Medea Benjamin and the politics of disruption.

Author:Conniff, Ruth
Position:Interview
 
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CODEPINK co-founder Medea Benjamin stopped by The Progressive's offices recently, just as Congress was getting ready to override President Obama's veto of the law allowing the families of 9/11 victims to sue the government of Saudi Arabia.

Benjamin, a leader of the U.S. peace movement, was on a tour to promote her new book, Kingdom of the Unjust: Behind the U.S.-Saudi Connection, which she describes as a primer covering "everything you wanted to know about Saudi Arabia but were afraid to ask for fear you'd get your head cut off." Benjamin's petite, pink-clad person has be come a familiar sight in the halls of Congress, at hearings, press conferences, presidential speeches, and many other high-profile events she somehow manages to crash.

She interrupted President Obama's major foreign policy address on the War on Terror at the National Defense University in 2013, prompting a grudging acknowledgment from the President, as Benjamin was being hauled away, that she had something important to say. She and her CODEPINK sisters disrupted both major party conventions this summer. She made the news when she heckled Donald Trump during his speech accepting the Republican nomination.

Benjamin has been one of the chief critics of the United States military's use of drones, has organized peace delegations to Gaza, Iraq, and Iran, and been arrested and deported from Pakistan and Bahrain. How, I asked her, did she find the time to write a book?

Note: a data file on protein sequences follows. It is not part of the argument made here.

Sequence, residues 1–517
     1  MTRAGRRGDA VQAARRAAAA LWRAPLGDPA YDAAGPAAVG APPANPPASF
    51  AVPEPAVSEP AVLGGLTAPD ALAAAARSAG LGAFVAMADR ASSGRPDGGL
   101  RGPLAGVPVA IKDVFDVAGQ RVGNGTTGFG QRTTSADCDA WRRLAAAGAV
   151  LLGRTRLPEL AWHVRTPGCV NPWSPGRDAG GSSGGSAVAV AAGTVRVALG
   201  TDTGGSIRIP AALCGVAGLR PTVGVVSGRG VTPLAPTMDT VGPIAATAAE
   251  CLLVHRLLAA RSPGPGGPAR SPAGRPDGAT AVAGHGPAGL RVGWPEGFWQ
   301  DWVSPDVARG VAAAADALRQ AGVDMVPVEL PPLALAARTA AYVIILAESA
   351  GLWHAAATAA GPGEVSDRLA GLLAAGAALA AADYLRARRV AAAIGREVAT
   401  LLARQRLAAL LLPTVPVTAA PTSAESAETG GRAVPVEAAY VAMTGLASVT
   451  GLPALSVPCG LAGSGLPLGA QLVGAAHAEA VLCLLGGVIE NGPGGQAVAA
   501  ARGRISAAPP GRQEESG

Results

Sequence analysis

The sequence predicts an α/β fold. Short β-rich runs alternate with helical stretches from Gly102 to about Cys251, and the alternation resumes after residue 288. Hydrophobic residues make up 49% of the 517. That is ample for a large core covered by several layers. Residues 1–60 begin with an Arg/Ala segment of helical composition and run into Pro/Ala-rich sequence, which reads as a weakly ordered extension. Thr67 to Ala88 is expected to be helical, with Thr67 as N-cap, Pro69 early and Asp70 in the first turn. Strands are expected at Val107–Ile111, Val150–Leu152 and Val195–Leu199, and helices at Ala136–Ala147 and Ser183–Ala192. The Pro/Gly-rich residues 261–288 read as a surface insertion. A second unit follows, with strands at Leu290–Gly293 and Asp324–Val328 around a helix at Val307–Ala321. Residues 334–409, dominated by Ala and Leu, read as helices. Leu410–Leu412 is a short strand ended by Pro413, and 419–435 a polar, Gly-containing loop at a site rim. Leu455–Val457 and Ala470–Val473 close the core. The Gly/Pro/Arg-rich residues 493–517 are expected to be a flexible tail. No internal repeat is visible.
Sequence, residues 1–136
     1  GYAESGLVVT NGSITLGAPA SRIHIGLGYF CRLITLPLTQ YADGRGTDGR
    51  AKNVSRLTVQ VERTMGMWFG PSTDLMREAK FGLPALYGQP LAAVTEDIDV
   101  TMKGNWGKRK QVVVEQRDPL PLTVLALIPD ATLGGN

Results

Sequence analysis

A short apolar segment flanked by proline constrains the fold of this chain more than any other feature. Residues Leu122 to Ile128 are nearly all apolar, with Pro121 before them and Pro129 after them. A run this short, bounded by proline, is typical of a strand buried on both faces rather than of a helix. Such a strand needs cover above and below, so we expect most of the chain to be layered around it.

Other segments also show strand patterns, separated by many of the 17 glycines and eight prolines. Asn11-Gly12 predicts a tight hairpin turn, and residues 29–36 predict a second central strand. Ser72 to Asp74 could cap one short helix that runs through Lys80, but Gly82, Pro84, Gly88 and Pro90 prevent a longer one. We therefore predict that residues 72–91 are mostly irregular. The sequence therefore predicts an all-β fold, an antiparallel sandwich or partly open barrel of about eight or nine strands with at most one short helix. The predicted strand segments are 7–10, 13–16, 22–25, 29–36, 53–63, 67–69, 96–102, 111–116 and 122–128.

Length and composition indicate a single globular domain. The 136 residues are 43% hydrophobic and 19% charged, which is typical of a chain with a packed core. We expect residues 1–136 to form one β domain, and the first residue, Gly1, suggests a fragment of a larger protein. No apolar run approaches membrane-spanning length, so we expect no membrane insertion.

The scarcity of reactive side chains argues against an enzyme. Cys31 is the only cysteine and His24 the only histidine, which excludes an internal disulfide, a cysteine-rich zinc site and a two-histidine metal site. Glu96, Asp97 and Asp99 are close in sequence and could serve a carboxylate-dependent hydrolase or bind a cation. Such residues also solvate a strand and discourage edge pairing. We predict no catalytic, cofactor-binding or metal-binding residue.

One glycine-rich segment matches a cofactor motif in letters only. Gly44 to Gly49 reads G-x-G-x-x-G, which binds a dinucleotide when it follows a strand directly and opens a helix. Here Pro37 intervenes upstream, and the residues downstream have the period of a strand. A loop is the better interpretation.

"I just realized how we have no movement that focuses on one of the biggest foreign policy problems we have, which is our relationship with Saudi Arabia," Benjamin says. "We the American people have allowed our government to continue this cozy relationship with one of the worst governments in the world. Here we are saying were fighting terrorism--well, were selling weapons to the terrorist state of Saudi Arabia."

Since the book came out in September, Benjamin has been speaking on university campuses, in mosques, and to peace groups around the United States. She sees a growing left/right coalition coming together to criticize the U.S. governments relationship with Saudi Arabia.

People across the political spectrum recognize that "we still don't have the information we deserve about the Saudi involvement in the 9/11 attacks," Benjamin says--including information obtained through U.S. government investigations the public has not yet seen. "And the best way to get that information out is through lawsuits."

Saudi Arabia...

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